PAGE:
- The Washington Times - Friday, May 16, 2003

A tired worker comes home from the plant, and between fixing supper and seeing to the kids and putting the bills aside for later, she tries to be a good citizen and catch up on the day’s news. The headlines are about tax cuts and an argument over them in Washington, but she figures the politicians will reach their usual compromise. They always do.

It would be nice to keep some more of her paycheck, and she may even wonder what the talk about not taxing corporate dividends would mean for her 401(K), but that’s about the end of it. She’s too busy doing real work — holding down a job, raising a family, volunteering — to spend much time following the ins and outs of tax legislation. Anyway, the final bill will come with loopholes galore for special interests, many of which won’t be discovered for months, if ever. That much she knows.

Meanwhile, the debate in Congress slogs on through committee hearings, floor votes, separate but equally partisan speeches, and lots and lots of great big numbers. At last report, the House of Representatives had passed a 10-year, $550 billion tax cut by a party-line vote of 222 to 203. That is $176 million less than the cut the president had first proposed.

Nor does the House bill completely adopt the centerpiece of the president’s original plan — a proposal to end the double taxation of corporate profits. Now the government taxes both the corporation when the profit is made and then the shareholder when it’s passed on in the form of dividends. If this bill passes, the top tax rate on both dividends and capital gains would drop to the same 15 percent.

Meanwhile, back in the Senate, the Finance Committee has voted out a more modest proposal, making only the first $500 in dividends exempt from taxes. Above that, a total of 20 percent of dividend income would become tax-free after five years. The capital gains tax wouldn’t be cut at all.

But what difference will it all make — besides giving Republicans and Democrats another reason to call each other names? (“Anti-growth,” “trickle-down economics”) To listen to the commentators, you would think the only thing that mattered about this debate over taxes is the maneuvering for next year’s elections.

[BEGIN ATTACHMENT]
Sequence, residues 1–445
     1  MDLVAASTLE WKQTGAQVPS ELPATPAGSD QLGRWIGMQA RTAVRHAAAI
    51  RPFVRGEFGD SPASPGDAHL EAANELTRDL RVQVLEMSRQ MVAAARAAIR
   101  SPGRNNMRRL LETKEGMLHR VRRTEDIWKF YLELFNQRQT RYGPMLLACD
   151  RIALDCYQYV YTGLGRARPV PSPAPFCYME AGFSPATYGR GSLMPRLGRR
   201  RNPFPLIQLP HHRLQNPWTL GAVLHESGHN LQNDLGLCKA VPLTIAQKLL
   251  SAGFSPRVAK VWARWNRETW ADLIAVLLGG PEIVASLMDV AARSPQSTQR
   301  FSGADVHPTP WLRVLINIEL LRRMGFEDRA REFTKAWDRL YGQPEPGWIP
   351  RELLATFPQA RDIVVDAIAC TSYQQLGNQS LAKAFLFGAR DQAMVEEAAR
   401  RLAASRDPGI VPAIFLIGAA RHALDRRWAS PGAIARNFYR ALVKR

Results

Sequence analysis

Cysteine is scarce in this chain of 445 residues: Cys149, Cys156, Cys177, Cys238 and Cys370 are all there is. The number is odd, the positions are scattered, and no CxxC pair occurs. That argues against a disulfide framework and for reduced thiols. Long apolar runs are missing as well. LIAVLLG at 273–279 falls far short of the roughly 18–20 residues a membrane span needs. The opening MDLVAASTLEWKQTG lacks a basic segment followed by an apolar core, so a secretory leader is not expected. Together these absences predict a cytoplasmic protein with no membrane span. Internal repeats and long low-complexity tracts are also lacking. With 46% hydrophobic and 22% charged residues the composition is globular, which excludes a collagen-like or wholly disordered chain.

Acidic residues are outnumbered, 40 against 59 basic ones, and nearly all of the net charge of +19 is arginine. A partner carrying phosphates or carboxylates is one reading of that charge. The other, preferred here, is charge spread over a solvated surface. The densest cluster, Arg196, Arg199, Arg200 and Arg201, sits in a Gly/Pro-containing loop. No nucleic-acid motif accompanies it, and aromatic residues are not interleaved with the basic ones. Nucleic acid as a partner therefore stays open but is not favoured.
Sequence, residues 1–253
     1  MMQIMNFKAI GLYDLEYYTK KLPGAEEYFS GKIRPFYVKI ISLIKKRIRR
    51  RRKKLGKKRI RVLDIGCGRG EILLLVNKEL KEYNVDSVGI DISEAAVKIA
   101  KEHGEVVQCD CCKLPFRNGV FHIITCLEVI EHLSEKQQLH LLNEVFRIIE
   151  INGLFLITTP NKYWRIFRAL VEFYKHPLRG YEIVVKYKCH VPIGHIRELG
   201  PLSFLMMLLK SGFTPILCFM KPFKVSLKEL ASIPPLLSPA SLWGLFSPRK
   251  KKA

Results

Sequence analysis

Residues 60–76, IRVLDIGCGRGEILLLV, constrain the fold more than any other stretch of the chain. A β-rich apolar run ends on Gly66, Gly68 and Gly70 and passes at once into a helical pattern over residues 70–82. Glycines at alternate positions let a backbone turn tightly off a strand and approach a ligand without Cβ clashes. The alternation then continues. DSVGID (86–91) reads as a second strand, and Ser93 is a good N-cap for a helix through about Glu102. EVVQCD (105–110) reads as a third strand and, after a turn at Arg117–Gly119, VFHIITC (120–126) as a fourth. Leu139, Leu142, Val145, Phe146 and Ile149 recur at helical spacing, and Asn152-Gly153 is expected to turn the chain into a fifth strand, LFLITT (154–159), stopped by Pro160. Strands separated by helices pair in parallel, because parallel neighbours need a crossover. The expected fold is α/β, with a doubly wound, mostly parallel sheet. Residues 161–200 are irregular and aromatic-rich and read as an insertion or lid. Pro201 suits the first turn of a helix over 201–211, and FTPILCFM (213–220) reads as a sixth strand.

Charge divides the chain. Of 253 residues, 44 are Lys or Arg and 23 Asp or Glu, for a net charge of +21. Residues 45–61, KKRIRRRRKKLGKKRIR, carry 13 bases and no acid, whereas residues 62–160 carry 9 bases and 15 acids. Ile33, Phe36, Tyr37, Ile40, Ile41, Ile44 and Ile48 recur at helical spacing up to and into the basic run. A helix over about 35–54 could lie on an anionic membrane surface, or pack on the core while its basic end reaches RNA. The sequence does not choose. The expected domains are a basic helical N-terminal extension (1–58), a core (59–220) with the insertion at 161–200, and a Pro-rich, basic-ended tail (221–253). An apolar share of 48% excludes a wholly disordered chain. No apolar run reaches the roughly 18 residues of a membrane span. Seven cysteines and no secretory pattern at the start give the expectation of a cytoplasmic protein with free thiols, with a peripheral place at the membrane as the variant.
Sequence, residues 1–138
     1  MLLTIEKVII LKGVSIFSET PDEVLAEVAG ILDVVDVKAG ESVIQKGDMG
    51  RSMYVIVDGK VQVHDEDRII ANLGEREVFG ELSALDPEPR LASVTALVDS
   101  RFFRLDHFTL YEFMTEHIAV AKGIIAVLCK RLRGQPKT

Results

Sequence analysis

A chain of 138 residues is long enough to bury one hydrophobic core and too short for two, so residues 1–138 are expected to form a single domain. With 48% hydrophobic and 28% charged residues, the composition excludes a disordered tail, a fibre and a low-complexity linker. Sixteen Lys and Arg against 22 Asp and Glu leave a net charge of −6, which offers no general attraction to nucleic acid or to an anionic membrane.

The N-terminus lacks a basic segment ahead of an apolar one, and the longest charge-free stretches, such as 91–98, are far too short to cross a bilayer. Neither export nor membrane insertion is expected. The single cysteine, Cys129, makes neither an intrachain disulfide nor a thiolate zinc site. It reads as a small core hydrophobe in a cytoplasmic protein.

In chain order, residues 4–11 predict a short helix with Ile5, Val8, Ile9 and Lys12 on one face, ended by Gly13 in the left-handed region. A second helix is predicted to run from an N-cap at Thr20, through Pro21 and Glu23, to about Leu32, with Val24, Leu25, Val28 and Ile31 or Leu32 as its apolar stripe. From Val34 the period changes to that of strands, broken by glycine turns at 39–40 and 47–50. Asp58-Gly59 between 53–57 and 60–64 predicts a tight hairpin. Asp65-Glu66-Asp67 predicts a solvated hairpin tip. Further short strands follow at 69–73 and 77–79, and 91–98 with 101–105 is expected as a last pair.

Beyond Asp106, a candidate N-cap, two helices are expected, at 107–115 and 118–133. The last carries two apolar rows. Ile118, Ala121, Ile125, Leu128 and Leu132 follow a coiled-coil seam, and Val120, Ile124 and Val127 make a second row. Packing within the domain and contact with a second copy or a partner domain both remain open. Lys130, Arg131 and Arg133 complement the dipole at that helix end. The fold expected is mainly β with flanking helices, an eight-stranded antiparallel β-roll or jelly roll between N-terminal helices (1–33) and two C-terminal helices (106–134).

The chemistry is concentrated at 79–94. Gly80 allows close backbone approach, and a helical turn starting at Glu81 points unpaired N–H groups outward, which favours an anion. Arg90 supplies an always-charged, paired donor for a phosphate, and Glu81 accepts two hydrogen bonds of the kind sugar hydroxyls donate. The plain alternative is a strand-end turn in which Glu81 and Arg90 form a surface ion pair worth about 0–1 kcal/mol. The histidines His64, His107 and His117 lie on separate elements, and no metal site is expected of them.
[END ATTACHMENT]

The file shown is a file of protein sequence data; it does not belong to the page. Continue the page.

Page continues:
Actually there’s an important difference between the president’s plan and the opposition’s. By eliminating the individual income tax on dividends, the administration would discourage the kind of speculative boom that marked the American economy in the ‘90s (followed by the predictable bust) and restore a measure of reality to economic decision-making. How? As a businessman friend explained it to me:

“Years ago, dividend income was much more important to investors and therefore to the companies that wanted to attract them. But by the 1990s, many companies realized there was another way to reward shareholders other than paying dividends, and that was to use the same amount of money that might have gone for dividends to purchase company stock and then retire it. That way, there would be fewer shares outstanding, which would increase earnings per share, and so drive up the value of their stock — since stock is traded as a multiple of earnings. Shareholders were rewarded with higher stock prices, and when they sold the stock, they paid only a 20 percent capital-gains tax instead of the close to 40 percent they’d have to pay on dividend income, or almost double the capital gains tax. Which suited management just fine, since it could devise stock option plans and, as the value of the stock went up, management would benefit, too.

“The upshot is that, even if a company made the same profit every year, the stock would go up if management used some of the corporation’s cash flow or other funds to retire stocks. So you had the anomaly of management being rewarded just by retiring shares — not by increasing the overall profit and productivity of the company.”

And that’s just one of the ways in which the country’s vague and almost incomprehensible tax code (now at 45,662 pages and about to be expanded again) distorts economic decision-making.

Economic sense is the first casualty when the issue of taxing dividends becomes just a political football. The Senate’s approach lacks the basic appeal to justice of the president’s case against double taxation. Nor does it give corporations and investors enough of an incentive to concentrate on increasing profits, creating jobs and generally growing — instead of just inflating the value of their stock.

The president’s plan promises to change corporate governance and decisionmaking in basic — and wholesome — ways. It could also change the way investors choose to invest — on the basis of dividend income rather than stock appreciation. Both would be changes for the decidedly better. In short, this president means business in more ways than one.

Paul Greenberg is a nationally syndicated columnist.


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